dhanson865 wrote:
With the western digital drives you have to be very careful and may even have to rely on luck to know what internals you'll get as they release new drives with the same model number

I was aware of this, and it was one of the reasons why I had picked the Advanced Format drives, as they would supposedly provide some assurance that older platters wouldn't be used. Is this correct?

dhanson865 wrote:
If I were to buy a WD I'd get the Blue and go for a capacity that has no overlap with older platter sizes if such a thing exists

For Blue drives, I was considering the EALX. It's $10 more than the EALS, but with the SATA 6Gb interface and 4K sectors. Neither of those are big selling points, but I'd think they would be much less likely to re-use old platters.

dhanson865 wrote:
As to short stroking a 2TB drive or even the 1TB drive go for it. The only drawback is loss of capacity.

I was thinking more of the weaker version of short stroking. Namely something like:

Code:
[  260GB ] => G: (Games)              <= Outermost cylinders
[  180GB ] => D: (Apps)
[ 1400GB ] => E: (Storage)
[  160GB ] => Y: (Backup/Long-Term)   <= Innermost cylinders

I'd still have the full 2TB of capacity, but when gaming, the drive would never see a need to seek beyond the outermost partition, since the OS and other services are stored on the SSD.


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 Post subject: Re: Trying to pick a companion HDD for an SSD
PostPosted: Fri Mar 18, 2011 7:45 am 
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"The drive will spend 3 years running Win 7 and 3 to 5 years running Linux 2.6+" Then sure go for 4k sectors if you want. They have advantages so long as the OS doesn't hold them back.

I don't know if WD plays any games with platter density on the 4k sector and 6Gb/s drives. I'd guess that you'd be safe from that aspect but I haven't researched it.

Given your OS choices it boils down to price. Your choice in hard drive won't matter nearly as much as your choice in SSD. Just remember every day is International Backup Awareness day.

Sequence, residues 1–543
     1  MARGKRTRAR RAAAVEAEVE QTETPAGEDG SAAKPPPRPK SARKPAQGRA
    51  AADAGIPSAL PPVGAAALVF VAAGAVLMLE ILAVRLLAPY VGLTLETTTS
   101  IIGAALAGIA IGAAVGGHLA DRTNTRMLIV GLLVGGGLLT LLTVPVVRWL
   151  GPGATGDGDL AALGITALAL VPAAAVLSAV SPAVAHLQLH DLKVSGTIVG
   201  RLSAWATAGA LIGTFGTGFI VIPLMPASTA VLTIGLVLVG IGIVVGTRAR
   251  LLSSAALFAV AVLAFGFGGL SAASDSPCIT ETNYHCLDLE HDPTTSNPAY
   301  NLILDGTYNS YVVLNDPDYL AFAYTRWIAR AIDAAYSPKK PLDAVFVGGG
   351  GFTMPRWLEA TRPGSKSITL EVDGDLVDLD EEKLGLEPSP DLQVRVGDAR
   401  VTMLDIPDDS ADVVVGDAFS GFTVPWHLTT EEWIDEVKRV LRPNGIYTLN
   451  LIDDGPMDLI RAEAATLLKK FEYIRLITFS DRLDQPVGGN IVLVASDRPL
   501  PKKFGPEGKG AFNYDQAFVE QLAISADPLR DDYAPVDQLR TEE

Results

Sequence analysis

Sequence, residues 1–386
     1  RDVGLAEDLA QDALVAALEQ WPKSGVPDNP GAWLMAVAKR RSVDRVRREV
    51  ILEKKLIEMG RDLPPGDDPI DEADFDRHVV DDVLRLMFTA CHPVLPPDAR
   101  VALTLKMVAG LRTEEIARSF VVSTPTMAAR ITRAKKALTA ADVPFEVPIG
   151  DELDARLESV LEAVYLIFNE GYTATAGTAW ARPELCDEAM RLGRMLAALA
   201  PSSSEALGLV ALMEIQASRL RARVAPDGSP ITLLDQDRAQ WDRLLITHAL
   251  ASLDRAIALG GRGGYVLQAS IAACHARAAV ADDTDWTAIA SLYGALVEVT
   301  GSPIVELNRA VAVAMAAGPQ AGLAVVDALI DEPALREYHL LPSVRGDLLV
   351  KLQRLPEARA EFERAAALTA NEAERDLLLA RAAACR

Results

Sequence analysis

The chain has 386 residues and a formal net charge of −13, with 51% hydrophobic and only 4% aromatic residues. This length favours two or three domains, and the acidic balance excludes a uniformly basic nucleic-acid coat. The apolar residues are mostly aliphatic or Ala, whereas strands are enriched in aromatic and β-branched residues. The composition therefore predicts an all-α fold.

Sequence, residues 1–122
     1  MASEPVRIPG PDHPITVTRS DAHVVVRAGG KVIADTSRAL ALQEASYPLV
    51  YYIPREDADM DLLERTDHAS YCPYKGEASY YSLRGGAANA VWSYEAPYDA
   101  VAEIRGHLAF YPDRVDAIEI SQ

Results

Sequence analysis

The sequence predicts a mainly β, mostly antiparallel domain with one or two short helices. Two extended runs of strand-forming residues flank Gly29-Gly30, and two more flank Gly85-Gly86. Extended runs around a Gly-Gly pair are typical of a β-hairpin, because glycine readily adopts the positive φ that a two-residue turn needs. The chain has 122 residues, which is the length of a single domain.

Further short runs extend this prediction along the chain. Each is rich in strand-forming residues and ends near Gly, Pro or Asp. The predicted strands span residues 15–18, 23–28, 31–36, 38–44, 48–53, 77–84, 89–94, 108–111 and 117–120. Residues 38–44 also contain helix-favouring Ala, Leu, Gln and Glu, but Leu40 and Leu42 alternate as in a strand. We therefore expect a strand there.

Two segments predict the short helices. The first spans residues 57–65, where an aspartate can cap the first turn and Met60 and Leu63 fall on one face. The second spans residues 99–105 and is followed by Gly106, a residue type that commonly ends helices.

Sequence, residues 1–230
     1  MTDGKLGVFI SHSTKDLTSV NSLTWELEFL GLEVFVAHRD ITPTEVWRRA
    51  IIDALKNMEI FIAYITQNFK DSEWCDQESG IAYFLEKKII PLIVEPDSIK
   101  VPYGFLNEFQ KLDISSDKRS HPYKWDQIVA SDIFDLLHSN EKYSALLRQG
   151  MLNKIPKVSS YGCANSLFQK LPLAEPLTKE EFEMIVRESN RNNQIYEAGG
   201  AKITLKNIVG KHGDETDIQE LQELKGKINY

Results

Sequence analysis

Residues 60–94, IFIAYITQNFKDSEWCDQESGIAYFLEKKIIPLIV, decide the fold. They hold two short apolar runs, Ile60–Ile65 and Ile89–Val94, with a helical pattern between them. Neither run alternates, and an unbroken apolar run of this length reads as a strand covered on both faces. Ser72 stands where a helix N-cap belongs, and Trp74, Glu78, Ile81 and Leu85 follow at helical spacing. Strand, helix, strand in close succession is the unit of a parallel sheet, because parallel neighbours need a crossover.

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 Post subject: Re: Trying to pick a companion HDD for an SSD
PostPosted: Fri Mar 18, 2011 8:01 am 
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dhanson865 wrote:
Given your OS choices it boils down to price. Your choice in hard drive won't matter nearly as much as your choice in SSD. Just remember every day is International Backup Awareness day.


I suspect that you'll approve of (most of) my SSD choices as they are based in large part on your own posts. And if I'll be fine with a Green drive, I'll probably be getting the 2TB Samsung F4EG or the 2TB WD EARS. That will give me so much space that I'll be able to do weekly backups of the SSD and critical network storage directories.

Unless someone has some convincing evidence to the contrary, that's probably the way I'll go.


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 Post subject: Re: Trying to pick a companion HDD for an SSD
PostPosted: Fri Mar 18, 2011 9:04 am 
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figment wrote:
dhanson865 wrote:
I'll probably be getting the 2TB Samsung F4EG or the 2TB WD EARS.
If you have a small group of files that you regularly access, I would encourage you to break the 1T into an initial 100M volume and a second 1900M volume. The first volume will be put on the outside tracks.

The small volume will automatically be "short stroked" so when your computer goes seeking a file from, or reading a file to, that smaller volume, it will be done much faster, especially if it is a fragmented file.

Doing this generates free speed for your most frequently accessed file. The speed is not inconsequential. It can make a WD Black perform almost as fast as a velociraptor when accessing fragmented files.

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 Post subject: Re: Trying to pick a companion HDD for an SSD
PostPosted: Fri Mar 18, 2011 9:33 am 
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Quick update:

The WD 2TB Green WD20EARS is indeed one of the drives that has multiple versions based on platter size. There is a 4 platter (500GB/platter) version and a 3 platter (667GB/platter) version. I really thought it was the EADS drive that had this issue. Of course, SPCR has a nice article on it.

The photo on the product page at NewEgg is showing the 4 platter version. Of course, that doesn't mean that they're not selling the 3 platter version now.

Annoying. I suppose I could always see if Microcenter will open a box to let me see which version they are selling.